Sartorial dissections: clothes in the photographs of Christina Broom

By beatrice behlen on 12 Oct 2015
Journalists at The Pageant of Women's Trades and Professions, 27 April 1909

Journalists at The Pageant of Women’s Trades and Professions, 27 April 1909 (detail)

My ideal job would give me licence to stare at people all day. Maybe I should have become a photographer, but while I get the depth of field thing (I think), I never really felt totally at one with a camera. Instead I have become the next best thing for a people-starer: a dress historian. My profession (no sniggering at the back!) provides me with a legitimate reason – or so I am telling myself – for gazing at others and for dissecting their appearance. I’m not too bothered whether someone is fashionably dressed or looks – or pretends to look – as if they don’t particularly care about their clothes. And when I say dissect I don’t mean judge. Whether the clothes are beautiful, ugly, boring or unremarkable (in my eyes or by general consent) is neither here nor there. I want to know why that particular person chose to wear that particular thing in combination with the other things they’ve put on. (Naturally my curiosity extends to accessories, jewellery, hair and make-up as well.)

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The Crime Museum Uncovered Reception

By blogadmin on 9 Oct 2015

On Thursday 8 October we welcomed guests to the private view of The Crime Museum Uncovered. The evening was opened by author and journalist Tony Parsons with speeches given by Sharon Ament, Director of The Museum of London, Clive Bannister, Chairman of The Museum of London and Sir Bernard Hogan-Howe, Metropolitan Police Commissioner and Helen Bailey, COO of MOPAC.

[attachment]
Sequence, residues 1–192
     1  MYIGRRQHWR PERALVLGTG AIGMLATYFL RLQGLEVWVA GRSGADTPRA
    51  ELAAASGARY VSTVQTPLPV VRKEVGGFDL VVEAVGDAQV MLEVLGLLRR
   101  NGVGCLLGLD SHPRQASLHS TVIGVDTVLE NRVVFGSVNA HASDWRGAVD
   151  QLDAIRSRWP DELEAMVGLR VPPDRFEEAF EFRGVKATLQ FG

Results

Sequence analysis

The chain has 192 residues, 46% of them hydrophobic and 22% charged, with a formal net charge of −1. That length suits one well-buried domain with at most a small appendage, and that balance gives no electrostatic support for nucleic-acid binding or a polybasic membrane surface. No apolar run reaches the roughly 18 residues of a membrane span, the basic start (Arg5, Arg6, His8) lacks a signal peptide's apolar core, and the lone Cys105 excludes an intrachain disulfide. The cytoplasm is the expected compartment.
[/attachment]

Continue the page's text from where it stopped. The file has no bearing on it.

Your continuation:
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Wild Beasts of Prehistoric London

By james read, guest blog author on 24 Sep 2015
3,000 year-old wolf skull from Shepperton in Surrey

3,000 year-old wolf skull from Shepperton in Surrey

While the most ferocious animal you’re likely to find within the M25 nowadays is probably an urban fox or a territorial chihuahua, London was once home to an abundance of enormous creatures – from wolves to hippos and rhinos to mammoths. The Museum of London has a selection of ancient animal remains from all around the capital.

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From fish market to red carpet: The evolution of London’s Docklands

By james read, guest blog author on 18 Sep 2015
An electric trolley carrying tobacco, 1925

A man with an electric trolley carrying tobacco, 1925

London’s Docklands have gone through huge change in the last 70 years – from being one of England’s primary ports, to falling into disuse as cargo ships outgrew the Thames. It has seen vast industries come and go – the same warehouse that once stored tonnes of tobacco is now a dance floor, and what was once a 900 year-old fish market now hosts film premieres.

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Rum, hospitals and insurance: London’s hidden slavery souvenirs

By james read, guest blog author on 11 Sep 2015
Pair of domestic sugar loaf cutters

Pair of domestic sugar loaf cutters used to break up sugar at home